My friends will tell you I am a bad driver, but I don’t think that is fair at all. I am a cautious driver. There is a difference. So, when you see me poking down the highway at a conservative speed, in the lane I need to be in for my next move several miles in advance, I want you to think: cautious. Perhaps even responsible. This impulse has directly translated into how I sail, which I find sensible.

My husband finds it dull.

When he sails we are all heeled over and he turns into a 12-year-old excited version of himself. Boys. Conversely, I turn into a screeching grandma shouting “We are too far over! We are too far over!”. This annoys him a great deal, but he is very patient and kind and works hard to keep me this side of frantic. If we are sailing alone he will often turn into the wind and slow it down a bit, but if there is even one other person on board who wants to really let ‘er rip, then I am ignored entirely.

I get it. Letting the sails out and really seeing how the boat can perform is the fun of it. Truthfully, it IS fun. I just have this one nagging issue: I don’t want the boat to tip over.

Capsizing is my biggest sailing fear, but is it even really a thing? Do I need to be so worried and if so, at what point precisely do I need to push the panic button? I fully understand that I am currently jumping the gun a bit, but surely there is some point in the sailing process when one needs to dial it back a bit for safety.

A couple of months ago I started researching the topic “will my boat capsize, and if so, when”? I dug into research from sailing articles and salty sailor forums, I watched YouTube videos, and I scoured the world wide web for insight. The good news is that most sources are in agreement. The bad news is the news itself: Yes, apparently a sailboat can capsize.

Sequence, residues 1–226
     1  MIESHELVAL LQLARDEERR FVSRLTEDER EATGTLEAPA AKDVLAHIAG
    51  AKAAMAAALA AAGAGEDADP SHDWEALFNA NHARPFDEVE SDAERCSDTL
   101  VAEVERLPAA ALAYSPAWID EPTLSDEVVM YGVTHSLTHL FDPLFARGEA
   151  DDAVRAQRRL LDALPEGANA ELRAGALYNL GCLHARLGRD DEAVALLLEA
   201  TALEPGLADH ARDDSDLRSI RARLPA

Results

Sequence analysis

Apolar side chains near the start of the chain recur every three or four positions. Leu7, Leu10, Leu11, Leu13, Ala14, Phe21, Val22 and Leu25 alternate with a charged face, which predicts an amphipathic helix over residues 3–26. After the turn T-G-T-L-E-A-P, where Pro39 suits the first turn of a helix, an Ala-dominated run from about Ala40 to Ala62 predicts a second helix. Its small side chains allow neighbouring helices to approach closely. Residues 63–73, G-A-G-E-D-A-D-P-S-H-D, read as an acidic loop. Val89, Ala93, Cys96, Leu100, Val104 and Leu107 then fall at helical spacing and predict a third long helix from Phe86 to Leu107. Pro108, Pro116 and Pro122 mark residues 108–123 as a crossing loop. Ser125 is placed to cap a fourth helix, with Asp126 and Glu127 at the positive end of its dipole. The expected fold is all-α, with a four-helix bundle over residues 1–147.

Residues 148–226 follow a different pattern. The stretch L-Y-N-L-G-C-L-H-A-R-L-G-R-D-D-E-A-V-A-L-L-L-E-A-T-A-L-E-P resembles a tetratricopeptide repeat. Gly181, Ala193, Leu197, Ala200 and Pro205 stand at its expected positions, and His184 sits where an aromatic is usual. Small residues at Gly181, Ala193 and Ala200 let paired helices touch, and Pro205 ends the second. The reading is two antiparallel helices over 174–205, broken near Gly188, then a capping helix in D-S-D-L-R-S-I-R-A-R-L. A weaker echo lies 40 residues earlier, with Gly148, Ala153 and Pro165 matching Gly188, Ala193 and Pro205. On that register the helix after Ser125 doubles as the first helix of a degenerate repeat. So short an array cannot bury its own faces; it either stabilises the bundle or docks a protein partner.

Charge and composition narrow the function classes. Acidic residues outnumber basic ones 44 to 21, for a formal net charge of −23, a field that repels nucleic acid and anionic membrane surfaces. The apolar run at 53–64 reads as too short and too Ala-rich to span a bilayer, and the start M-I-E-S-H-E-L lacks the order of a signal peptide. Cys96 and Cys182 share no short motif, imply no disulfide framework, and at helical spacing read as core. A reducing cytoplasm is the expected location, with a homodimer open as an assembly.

Well crap. That was not the answer I wanted.

But wait, there is very good news. My research also revealed that unless you are battling both heavy winds AND serious open-ocean, blue water waves, physics is on your side. Wind alone will not capsize a monohull sailboat.

Ah, physics (insert heart emoji). If you read enough escapeundersail.wpmudev.host blogs, you will learn that I am a super nerd, and while you might have hated calculus and physics, I loved it. Heaven help me, I think I can still calculate the volume of a cone.

The physics of why wind alone won’t capsize your boat is all about the keel, for three big reasons.

1. The keel, which is a flat blade that extends several feet under the boat, provides counterbalance to the wind’s effect on the sails. Basically, as the wind pushes the sail above the water, the keel pushes water under the boat in the opposite direction with increasing force and difficulty.

2. One reason for the increased force and difficulty is that the keel also houses a heavy weighted ballast that further aids in the boat’s natural tendency to want to be upright and helps manage the center of gravity. Some of us of a “certain age” might remember the Weeble Wobble toys…”Weebles wobble and they won’t fall down…”. Basically, they were toys with rounded, weighted bottoms where if you pushed them over they would pop right back up. Without the low center of gravity and weighted bottoms, they would have just tipped over. The physics of the keel and ballast isn’t exactly like that, but the “stay upright” result is the same.

3. Finally, as the boat heels over and the force of the keel and ballast work hard to push it back to a neutral upright place, less of the sail is presented to the wind, which diminishes wind force. The wind power becomes less and less because the more heeled over the boat becomes, the less sail is available. Essentially this all means that a monohull sailboat has a “self-policing” safety valve for keeping the boat upright even in heavy winds.